Not far from McCulloch's Chapel about 3 miles west of town, is a lone grave sitting on a small mound, inscribed with the name Alexander McCulloch. This is the old homestead site of the McCulloch family and it was very near this location that young Ben McCulloch had camped under a Sugar Tree, just before the family built their Cabin. As Ben grew older he would not allow them to cut the young tree and so it remained in the cabin yard and became known as "Ben's tree." Some of the family eventually moved west, but the site would always be regarded as home.
Ben's father Major Alexander McCulloch was himself a notable man and had served as aide-de-camp to General Coffee and fought with Andrew Jackson at New Orleans, Tallahassee and Horse-shoe Bend. Ensign Sam Houston and Sgt. David Crockett also served at Horse-shoe Bend and both men would eventually shape the life of young Ben McCulloch. Sam Houston had taught Ben's two older brothers in a log school in Rutherford, and Crockett would live only 30 miles from the McCulloch home. The destiny of all three men would eventually lead them the Republic of Texas and forever shape the history of that state.
The McCullochs were originally from North Carolina, but Alexander married his wife Frances near Nashville and eventually moved near Florence, before finally striking out for Dyer County in 1829. Ben was about 17 years old when they relocated in their new home in West Tennessee. In Alabama he had learned the art of dug-out canoes and built a large one for transporting supplies and a smaller one for hunting and exploring. On one of his hunting trips, his dogs jumped two bears in a canebrake. As the first dogs took out after one bear, a lone dog treed the younger bear, on the bank of Coon Creek. The bear lost its hold on the tree, fell in the shallow stream and was engaged by the dog. McCulloch tried to shoot, but his flint lock had gotten wet crossing the water. The bear made a dash up the bank, but Ben managed to catch the animal by its hair and tumble it into the creek, where the dog jumped it again. "Ben drew his butcher knife and endeavored to kill the brute by a stab in its breast, but the blade struck breast-bone and glanced, inflicting but a slight wound. The bear caught his right arm in his mouth, at the wrist. Knowing the tenacity of the animal, he did not attempt to disengage his arm from the crunching vice, but struck with the knife in his left hand, and drove the blade through its heart." Even in death the bear would not relax his grip and McCulloch had to pry the bears mouth loose from his arm. It has been said that young McCulloch killed as many as 80 bears in a year, thus rivaling Crockett and Henderson Clark for the title of champion bear slayer of the area. Clark however had boasted of having killed two bears with one shot.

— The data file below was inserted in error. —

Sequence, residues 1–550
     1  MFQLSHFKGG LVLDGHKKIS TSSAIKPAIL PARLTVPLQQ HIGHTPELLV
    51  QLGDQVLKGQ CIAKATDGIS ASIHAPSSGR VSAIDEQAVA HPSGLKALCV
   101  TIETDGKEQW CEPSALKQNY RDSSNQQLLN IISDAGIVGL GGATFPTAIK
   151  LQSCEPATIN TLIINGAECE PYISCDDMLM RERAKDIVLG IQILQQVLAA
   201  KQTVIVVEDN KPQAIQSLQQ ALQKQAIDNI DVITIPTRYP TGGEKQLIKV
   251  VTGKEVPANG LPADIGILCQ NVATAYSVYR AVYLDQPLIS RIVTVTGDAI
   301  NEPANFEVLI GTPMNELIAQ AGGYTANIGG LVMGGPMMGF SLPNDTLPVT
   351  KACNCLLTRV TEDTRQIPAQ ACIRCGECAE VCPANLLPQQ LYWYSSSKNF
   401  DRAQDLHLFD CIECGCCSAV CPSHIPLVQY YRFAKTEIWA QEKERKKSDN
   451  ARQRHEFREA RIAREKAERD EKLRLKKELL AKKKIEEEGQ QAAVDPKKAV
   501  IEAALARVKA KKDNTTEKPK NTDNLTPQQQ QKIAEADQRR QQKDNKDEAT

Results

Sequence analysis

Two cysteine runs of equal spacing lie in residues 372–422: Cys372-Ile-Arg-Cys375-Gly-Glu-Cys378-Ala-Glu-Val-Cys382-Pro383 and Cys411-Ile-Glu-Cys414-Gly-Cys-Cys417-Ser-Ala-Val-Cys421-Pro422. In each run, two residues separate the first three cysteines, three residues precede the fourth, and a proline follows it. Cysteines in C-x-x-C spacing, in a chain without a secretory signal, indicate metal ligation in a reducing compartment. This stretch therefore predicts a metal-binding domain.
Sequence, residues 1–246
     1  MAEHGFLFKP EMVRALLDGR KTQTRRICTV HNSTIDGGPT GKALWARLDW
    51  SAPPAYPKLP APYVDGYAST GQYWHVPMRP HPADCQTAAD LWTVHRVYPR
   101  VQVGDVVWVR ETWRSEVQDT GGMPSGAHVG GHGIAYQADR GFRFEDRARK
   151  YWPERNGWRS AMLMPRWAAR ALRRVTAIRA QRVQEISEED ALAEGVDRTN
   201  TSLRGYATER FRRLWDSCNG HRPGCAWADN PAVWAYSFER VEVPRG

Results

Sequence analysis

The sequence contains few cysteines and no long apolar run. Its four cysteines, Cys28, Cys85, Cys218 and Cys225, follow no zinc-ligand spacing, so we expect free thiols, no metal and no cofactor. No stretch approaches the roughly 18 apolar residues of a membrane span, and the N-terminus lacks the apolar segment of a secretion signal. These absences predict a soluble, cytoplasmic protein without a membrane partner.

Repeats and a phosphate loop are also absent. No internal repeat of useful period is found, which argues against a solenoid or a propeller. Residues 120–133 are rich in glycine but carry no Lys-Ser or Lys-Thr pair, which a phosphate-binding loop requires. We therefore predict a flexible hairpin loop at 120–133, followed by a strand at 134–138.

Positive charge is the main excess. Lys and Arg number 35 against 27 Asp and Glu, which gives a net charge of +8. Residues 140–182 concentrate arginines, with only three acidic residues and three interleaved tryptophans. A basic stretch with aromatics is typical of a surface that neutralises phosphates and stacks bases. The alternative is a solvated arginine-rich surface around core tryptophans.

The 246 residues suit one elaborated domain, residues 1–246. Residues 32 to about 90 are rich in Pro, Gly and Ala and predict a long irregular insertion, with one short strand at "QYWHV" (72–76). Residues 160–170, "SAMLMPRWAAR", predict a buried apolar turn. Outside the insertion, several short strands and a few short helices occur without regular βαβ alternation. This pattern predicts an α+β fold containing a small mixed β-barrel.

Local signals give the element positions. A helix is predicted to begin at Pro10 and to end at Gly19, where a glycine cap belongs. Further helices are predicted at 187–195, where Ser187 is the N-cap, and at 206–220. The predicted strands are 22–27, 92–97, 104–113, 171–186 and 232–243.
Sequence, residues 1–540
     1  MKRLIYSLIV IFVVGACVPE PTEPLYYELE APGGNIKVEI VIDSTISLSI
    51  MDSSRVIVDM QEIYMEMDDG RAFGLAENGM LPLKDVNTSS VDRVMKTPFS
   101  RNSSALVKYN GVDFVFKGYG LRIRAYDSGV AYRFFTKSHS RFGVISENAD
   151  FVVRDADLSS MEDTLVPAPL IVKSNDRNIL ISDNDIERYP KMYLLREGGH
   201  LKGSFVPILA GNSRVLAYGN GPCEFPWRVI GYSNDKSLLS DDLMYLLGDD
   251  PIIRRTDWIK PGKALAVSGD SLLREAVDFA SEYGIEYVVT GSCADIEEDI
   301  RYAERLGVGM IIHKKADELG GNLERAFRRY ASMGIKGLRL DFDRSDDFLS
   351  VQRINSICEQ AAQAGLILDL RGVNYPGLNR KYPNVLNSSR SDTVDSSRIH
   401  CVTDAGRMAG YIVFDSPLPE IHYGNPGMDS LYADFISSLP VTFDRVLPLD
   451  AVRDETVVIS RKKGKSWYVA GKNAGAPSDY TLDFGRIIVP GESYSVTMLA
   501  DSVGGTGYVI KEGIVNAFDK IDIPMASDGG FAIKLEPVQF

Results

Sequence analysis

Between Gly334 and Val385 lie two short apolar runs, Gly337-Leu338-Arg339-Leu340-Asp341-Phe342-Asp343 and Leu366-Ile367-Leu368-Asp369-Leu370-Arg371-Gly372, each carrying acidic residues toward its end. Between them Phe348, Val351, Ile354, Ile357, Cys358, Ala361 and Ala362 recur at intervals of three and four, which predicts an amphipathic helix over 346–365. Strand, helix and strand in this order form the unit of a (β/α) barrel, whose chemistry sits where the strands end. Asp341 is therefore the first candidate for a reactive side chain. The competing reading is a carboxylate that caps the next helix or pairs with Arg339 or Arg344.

Davy became a frequent visitor to the McCulloch homestead, while Ben and the Crockett boys became frequent hunting companions. One of young McCulloch's chief endevors, however, was reading. Though lacking much of a formal education, he spent his spare time pouring over books, in later years he would be called one of the best read men in Texas.